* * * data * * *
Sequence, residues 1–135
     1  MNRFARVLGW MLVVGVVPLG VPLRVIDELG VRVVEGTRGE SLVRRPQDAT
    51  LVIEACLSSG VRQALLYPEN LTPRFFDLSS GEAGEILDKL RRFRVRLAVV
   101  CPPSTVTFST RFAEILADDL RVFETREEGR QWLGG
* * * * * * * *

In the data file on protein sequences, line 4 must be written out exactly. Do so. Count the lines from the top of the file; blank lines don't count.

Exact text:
   101  CPPSTVTFST RFAEILADDL RVFETREEGR QWLGG